Spaghetti Eastern

The Lordz, Brooklyn rap-rock's preeminent wiseguys, crank the bass and wax Soprano

Mr. Kaves, along with his brother ADM the last remaining founder of the Lordz, is not 100 percent Italian. But their cigars and fedoras and mustaches sure made the quintet then known as the Lordz of Brooklyn look like wiseguys on the cover of 1995's All in the Family. At first, this was a rap group who rocked; now, they're a rock band who rap. In that debut album's statement of purpose, "Saturday Night Fever," they bragged about being "connected like Sinatra" and likened themselves to "Lucky Luciano with a tommy gun," rhyming "Tony Manero" with "Verrazano" as brass-knuckle Guess Who riffs punched holes through glass. Picking up where House of Pain's shamrock shenanigans and Cypress Hill's Latin lingo left off, and dunking the blunted greaser-rap in spaghetti sauce and cheap beer, Family was one of the best hip-hop albums of the '90s, even if nobody noticed. Yet despite all the ethnic hints otherwise, the siblings' true birth names are Mike and Adam McLeer.

They're "mutts," says Kaves, just like his two big floppy dogs Midnight and Sonny, who were lounging all over his modest Bay Ridge family room on a recent Saturday afternoon. The brothers' dad, a carpet-layer fond of playing the ponies, came from Russian/Irish/English/Scottish stock. But after he left when the boys were eight and nine, they were raised by strong Italian women. Their grandmother, a beautiful photo of whom adorns the cover of the renamed Lordz' surprisingly entertaining new record The Brooklyn Way, danced in Bay Ridge wearing black as one of the Quatrone Sisters back in the '40s. Their mom, 18 when was Kaves was born, was known around the neighborhood as "Little 92nd Street," and supported the boys on public assistance and waitress tips. "She was like a hippie chick," Kaves says. "Kids would stare at her ass and I'd have to fight them." When Son of Sam was loose, he waited in his bed with a baseball bat, since his mom matched the victims' description.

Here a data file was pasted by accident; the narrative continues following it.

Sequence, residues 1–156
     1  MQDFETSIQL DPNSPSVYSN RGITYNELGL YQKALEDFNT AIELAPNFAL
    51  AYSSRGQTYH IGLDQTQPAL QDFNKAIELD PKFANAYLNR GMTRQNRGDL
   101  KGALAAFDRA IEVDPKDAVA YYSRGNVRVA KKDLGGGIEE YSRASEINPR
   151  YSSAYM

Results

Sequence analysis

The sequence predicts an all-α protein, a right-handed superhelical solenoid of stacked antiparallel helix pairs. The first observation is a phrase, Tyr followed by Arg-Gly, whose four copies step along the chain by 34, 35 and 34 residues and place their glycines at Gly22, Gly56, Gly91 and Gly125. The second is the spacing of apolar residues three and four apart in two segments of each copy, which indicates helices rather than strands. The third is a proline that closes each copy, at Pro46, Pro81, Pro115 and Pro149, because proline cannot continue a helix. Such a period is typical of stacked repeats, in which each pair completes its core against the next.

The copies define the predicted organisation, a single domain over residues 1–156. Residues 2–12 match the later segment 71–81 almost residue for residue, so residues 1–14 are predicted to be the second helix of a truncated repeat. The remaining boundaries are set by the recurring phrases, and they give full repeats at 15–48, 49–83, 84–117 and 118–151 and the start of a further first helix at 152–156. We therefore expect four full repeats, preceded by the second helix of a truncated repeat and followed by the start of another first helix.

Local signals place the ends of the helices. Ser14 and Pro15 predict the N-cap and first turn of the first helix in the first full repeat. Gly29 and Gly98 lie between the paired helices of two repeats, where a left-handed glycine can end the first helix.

Baseball figures prominently with this band: "Grab the Louisville out the Coupe De Ville," lead rapper Kaves threatened in Family 's "The Bad Racket." Back when his crew was called the Verrazano Boys, he tells me, preppies and gym rats might've found themselves on the action end of the wood; now that Brooklyn Wayis out on Warner's sub-subsidiary Perfect Game, he says it's like being called back up from the minors. The Lordz have released sporadic tracks while watching label deals collapse over the past decade, but Brooklyn feels like their first shot at the gold in forever: contributions from Rancid's Tim Armstrong and Avril/Bowling for Soup teen-punk producer Russ-T Cobb; crunchy hard-pop chords that onetime club DJ and longtime Lordz studio specialist ADM seems to have swiped from Rick Springfield and Bob Seger; canny covers of two classic New York shout anthems . . . add it up, and you've got one of 2006's more effortlessly playable pop-rock albums. And if it's not quite as loaded with mama-mia pizzeria specifics as Family, it still packs plenty of blue-collar pride and local color.

A half-block from Kaves's house, Fort Hamilton Parkway runs beneath the Verrazano-Narrows Bridge overpass; in Saturday Night Fever, this is where John Travolta's buddies hassled a gay couple. The end of the R line. Even with roaches crawling all over the little apartment where Kaves grew up, Mom always told him to appreciate their million-dollar view of the bridge. "The real Mom and Pop Brooklyn still exists in this neck of the woods," he says. But these blocks are changing—newer immigrants are likely to be Indian and Arab, and there aren't always 40 or 50 kids running around outside like in the old days. So Kaves sometimes feels like a ghost. His CD covers are photo albums full of faded old uncles in Army uniforms and tattered holy cards and rosaries and First Communion snapshots. The new Lordz CD, which comes with a photo album DVD, winds down with an update of Jim Carroll's good-die-young roll call "People Who Died," in which a friend gets whacked by a wiseguy in a Cadillac instead of offed by bikers. Then the closer, "Mama's Boy," remembers Kaves and Adam's mom, who died along with their baby sister in 1994.